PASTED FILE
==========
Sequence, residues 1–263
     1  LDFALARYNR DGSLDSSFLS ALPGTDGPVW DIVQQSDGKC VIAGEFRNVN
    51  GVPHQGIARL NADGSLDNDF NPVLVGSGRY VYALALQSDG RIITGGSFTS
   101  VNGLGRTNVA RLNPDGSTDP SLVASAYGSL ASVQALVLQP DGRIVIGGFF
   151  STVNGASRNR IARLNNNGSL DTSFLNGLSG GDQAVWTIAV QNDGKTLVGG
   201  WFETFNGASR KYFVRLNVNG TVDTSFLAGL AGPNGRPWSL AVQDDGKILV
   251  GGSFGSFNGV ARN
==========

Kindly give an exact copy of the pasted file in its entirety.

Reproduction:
Sequence, residues 1–263
     1  LDFALARYNR DGSLDSSFLS ALPGTDGPVW DIVQQSDGKC VIAGEFRNVN
    51  GVPHQGIARL NADGSLDNDF NPVLVGSGRY VYALALQSDG RIITGGSFTS
   101  VNGLGRTNVA RLNPDGSTDP SLVASAYGSL ASVQALVLQP DGRIVIGGFF
   151  STVNGASRNR IARLNNNGSL DTSFLNGLSG GDQAVWTIAV QNDGKTLVGG
   201  WFETFNGASR KYFVRLNVNG TVDTSFLAGL AGPNGRPWSL AVQDDGKILV
   251  GGSFGSFNGV ARN